The Chronicles of Matthew

In my recent article on the Big Bible Project I got to thinking about the books of Chronicles. This has sparked some interesting observations that I want to share with you today.

The Old Testament for me is a difficult collection of books. My advice to any Christian approaching the Old Testament is to proceed with caution and plenty of direction. Along with that I advise people to always read Scripture, whether Old or New Testament in light of the Gospel, in the light of the Spirit of Christ. 

For the Christian, all Scripture must point to (either forwards or backwards in time) to the Resurrection, to the young man in the tomb proclaiming "You are looking for Jesus the Nazarene, who was crucified. He has risen! He is not here. See the place where they laid him.” Mark 16:6.


That is until you realise one thing. In the Hebrew Bible 1 and 2 Chronicles are one and the same book, but not just that. This combined book is the last book of the Hebrew Bible. Now slot in Matthew, the first book of the Christian New Testament right beside it and voila look what happens. Chronicles becomes an overture to Matthew. 

Chronicles begins with its genealogy neatly reassess and retells the history of the Jewish People and the importance of the temple, then in slips Matthew with his genealogy culminating with Jesus at the completion of the History of the Jewish people with the New Temple.

 It reads like Matthew is trying to tell us that the genealogy of Chronicles is not complete, here it is now complete and here is the completion of the history of the temple. When seen in this light there is no end to the possible comparisons and literary allusions. I think more research needs to be conducted into the comparison between Matthew and Chronicles. I hope this is a starting point. 

But I want to just bring this to the table as something for you to think about:

In Chronicles we read how, after Solomon completed the temple, the Lord appeared to him. The Lord said to Solomon “For now I have chosen and consecrated this house (the temple) that my name may be there forever. My eyes and my heart will be there for all time.” (2Ch 7:16 ESV).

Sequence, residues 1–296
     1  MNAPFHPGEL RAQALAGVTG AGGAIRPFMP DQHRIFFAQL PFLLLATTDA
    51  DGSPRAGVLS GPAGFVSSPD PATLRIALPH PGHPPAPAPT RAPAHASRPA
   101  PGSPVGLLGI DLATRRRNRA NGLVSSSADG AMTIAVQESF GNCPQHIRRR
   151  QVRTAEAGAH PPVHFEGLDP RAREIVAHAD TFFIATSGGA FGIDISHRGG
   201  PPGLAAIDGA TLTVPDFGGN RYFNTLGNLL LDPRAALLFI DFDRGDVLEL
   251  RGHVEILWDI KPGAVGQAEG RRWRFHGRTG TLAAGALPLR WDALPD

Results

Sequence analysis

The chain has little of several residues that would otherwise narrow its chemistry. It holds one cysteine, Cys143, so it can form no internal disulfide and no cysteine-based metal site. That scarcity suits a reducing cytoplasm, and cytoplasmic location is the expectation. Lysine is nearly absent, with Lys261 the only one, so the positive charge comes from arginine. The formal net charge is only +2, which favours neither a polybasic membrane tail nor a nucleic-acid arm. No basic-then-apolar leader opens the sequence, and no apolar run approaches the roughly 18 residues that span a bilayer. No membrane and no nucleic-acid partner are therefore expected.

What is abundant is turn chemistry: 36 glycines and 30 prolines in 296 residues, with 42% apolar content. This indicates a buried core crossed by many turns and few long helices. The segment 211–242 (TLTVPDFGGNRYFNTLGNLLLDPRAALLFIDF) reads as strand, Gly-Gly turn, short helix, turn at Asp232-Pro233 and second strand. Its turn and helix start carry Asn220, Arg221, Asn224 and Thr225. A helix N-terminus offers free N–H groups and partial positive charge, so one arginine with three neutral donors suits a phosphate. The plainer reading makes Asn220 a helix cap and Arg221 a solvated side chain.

Then having seen the temple with its curtain torn in two and its rocks cracked (Mt 27:51) Matthew concludes with the resurrected Jesus coming to the disciples saying, "All authority in heaven and on earth has been given to me. Go therefore and make disciples of all nations, baptizing them in the name of the Father and of the Son and of the Holy Spirit, teaching them to observe all that I have commanded you. And behold, I am with you always, to the end of the age." (Mat 28:18-20 ESV)

Just think about that for a while.
Amen


3 comments:

  1. Very nice post John, and I believe your thesis has merit. As the most "Hebrew" of the gospels, Matthew is clearly demonstrating the continuity of God's working with Israel with His work with the Ekklesia. In fact, Matthew records the only two accounts of our king using that word in reference to His followers. In my mind your thesis finds further support in the fact that Chronicles ends with the messias/christos/king Cyrus delivering God's people from captivity. This provides the perfect segue for Matthew to introduce us to king Jesus; his book opens "The book of the beginnings of of King Jesus, son of David, son of Abraham..." (My translation.)

    Chronicles tells the story of Israel's many false starts and the failings of her kings, climaxing in God's use of a pagan messias/christos/king to fulfill his promise to Jeremiah and Isaiah. Matthew then takes up the story with the story of our king, and the ultimate deliverance He provides from the "dark rulers of this world."

    Thanks for the post, and keep up the good work!

    For the king,
    Chris

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  2. I have never heard that theory of the approach to Matthew before and it is a very interesting insight in my opinion. Given that Matthews gospel was written for an almost exclusively jewish audience, it makes perfect sense to begin where the last story stops, in theological and genelogical terms if not historical. It is clearly the intention of Matthew to place the new King in the history and geneology of the old Kings.
    Great post John.
    Mike

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  3. "Chronicles becomes an overture to Matthew." A fascinating thesis! As a non-theologian (in the academic sense) I enjoy having my eyes opened to new perspectives on the Bible … and, as you may guess - how digital allows different readings/possibilities for sharing ideas.

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